“I will be completely candid here and say that I have carried around a great deal of resentment toward older Black men since my father disowned me when I was eight years-old. Indeed, I have had little tolerance, little respect, and very little interest in what most of them have to say for themselves.
It is the worst form of cowardice to bring a child into the world and then abandon that child either because you cannot cope or because you and the child’s mother are not able to get along. How many Black boys and Black girls have had their emotional beings decimated by that father void?
How does one break the vicious cycle, begun on the plantations, of Black man as stud? [And] what of slavery – which lingers still in the collective bosom of Black men in America? So how could I really be mad at my father – that no-good do-for-nothing, as my mother often referred to him?
I may never see the man again in my lifetime, don’t care to, really, but I know – he is wounded – like older Black men and like a lot of younger Black men in a state of arrested development.”
Excerpted from “What Is a Man?” by Kevin Powell (pages 34-35)
How does the Hip-Hop Generation view fatherhood? Depending on whose statistics you believe, anywhere from 70 to 85% of black kids are now being raised by single-moms. This suggests that African-American males raised during the heyday of misogynistic gangsta rap might be unwilling to shoulder their fair share of the burden when it comes to parenting.
But before you jump to conclusions, you might want to read Be a Father to Your Child: Real Talk from Black Men on Family, Love and Fatherhood. Edited by April Silver, the book is a collection of empowering essays by black men born between 1965 and 1989 who have not abandoned their children.
Each contributor shares his unique perspective, some of which you are bound to find a little surprising. For instance, Bakari Kitwana, author of such seminal cultural touchstones as The Hip-Hop Generation and Why White Kids Like Hip-Hop, readily admits to being “old-fashioned” and that the bulk of the music he writes about is off-limits for his own eight year-old son.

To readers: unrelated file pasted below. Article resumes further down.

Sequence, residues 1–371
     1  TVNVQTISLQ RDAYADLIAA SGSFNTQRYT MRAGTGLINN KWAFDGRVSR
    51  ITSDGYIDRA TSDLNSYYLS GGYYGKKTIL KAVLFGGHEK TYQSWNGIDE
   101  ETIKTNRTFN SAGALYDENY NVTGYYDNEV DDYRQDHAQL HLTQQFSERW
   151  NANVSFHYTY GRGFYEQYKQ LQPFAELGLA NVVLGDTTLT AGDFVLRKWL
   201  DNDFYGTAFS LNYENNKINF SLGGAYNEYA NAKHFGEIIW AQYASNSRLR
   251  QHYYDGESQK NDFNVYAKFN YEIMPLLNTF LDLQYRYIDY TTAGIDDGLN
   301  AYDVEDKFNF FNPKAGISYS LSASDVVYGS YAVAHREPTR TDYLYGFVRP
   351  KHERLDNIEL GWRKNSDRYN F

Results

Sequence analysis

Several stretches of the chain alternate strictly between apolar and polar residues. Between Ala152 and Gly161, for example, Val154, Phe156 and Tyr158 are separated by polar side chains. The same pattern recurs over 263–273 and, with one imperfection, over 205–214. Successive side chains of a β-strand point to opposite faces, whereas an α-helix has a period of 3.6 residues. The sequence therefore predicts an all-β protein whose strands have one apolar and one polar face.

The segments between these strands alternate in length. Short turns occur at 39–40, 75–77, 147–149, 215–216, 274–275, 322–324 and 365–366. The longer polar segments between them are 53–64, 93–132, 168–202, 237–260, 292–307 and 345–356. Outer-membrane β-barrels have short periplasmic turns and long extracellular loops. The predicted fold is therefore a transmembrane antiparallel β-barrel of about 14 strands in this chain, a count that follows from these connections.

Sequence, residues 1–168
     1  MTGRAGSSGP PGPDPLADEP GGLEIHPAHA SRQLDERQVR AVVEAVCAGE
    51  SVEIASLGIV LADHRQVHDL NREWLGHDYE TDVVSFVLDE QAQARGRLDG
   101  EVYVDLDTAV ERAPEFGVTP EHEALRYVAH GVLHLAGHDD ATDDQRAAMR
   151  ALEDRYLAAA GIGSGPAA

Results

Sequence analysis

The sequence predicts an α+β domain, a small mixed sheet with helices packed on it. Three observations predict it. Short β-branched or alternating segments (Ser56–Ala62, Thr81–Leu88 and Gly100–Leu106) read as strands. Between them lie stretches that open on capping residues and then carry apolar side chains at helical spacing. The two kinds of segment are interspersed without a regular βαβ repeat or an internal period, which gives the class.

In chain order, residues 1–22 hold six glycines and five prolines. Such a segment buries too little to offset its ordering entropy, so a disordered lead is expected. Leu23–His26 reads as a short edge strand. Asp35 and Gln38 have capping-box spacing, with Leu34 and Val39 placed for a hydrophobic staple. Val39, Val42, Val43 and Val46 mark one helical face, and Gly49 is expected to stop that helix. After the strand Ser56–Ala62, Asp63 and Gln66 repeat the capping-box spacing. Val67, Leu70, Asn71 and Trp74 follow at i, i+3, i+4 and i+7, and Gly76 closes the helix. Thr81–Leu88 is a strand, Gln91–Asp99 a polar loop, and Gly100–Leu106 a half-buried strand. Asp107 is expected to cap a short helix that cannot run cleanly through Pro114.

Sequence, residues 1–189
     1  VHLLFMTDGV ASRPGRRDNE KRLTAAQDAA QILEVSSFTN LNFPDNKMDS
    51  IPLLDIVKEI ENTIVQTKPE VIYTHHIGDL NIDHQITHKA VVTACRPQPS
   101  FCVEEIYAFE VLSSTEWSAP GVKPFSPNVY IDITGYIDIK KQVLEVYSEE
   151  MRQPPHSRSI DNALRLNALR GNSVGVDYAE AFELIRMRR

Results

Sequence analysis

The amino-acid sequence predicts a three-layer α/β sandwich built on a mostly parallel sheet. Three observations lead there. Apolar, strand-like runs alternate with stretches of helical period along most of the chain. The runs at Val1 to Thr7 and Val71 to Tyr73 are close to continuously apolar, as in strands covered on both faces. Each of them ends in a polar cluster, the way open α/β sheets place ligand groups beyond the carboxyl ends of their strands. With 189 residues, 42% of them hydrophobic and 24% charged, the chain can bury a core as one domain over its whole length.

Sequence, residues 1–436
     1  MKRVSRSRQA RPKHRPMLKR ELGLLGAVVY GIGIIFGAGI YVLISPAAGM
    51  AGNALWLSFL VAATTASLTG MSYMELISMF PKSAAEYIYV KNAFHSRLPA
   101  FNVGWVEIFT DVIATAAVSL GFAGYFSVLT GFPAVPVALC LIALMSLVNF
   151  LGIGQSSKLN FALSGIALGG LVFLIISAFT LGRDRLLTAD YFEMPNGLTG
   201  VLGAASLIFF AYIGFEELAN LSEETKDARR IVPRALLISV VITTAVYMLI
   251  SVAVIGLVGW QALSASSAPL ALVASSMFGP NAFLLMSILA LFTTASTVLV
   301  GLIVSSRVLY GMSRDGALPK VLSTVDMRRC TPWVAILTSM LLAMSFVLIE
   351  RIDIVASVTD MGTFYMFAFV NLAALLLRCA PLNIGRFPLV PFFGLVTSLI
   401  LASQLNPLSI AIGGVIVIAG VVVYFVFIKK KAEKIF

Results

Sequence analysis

Then there’s hip-hop artist Talib Kweli, a father of two, who says, “Education is the key of a wonderful life.” He also acknowledges that rap has served as a surrogate father, filling in for absentee dads. But he warns that the music only “teaches you how to appear like a man.” Also among the two-dozen young sages weighing-in are professors William Jelani Cobb, James Peterson and Alford A. Young, Jr., filmmakers Aaron Lloyd and Byron Hunt, DJ Davey D, rapper Rhymfest and playwright Shaun Neblett.
Be a Father to Your Child amounts to a heartening mix of poetry, prose and pictures which combine to reassure skeptics about the prospects for the black family, the daily dire predictions of the mainstream media notwithstanding. For if these dedicated brothers were able to overcome the odds and avoid the self-destructive paths glorified in the materialistic, violent and misanthropic music videos on which they were weaned during their formative years, there is indeed plenty of promise for this and future generations of African-American dads.
Real Talk from Black Men on Family, Love and Fatherhood
by April R. Silver
Soft Skull Press
218 pages, Illustrated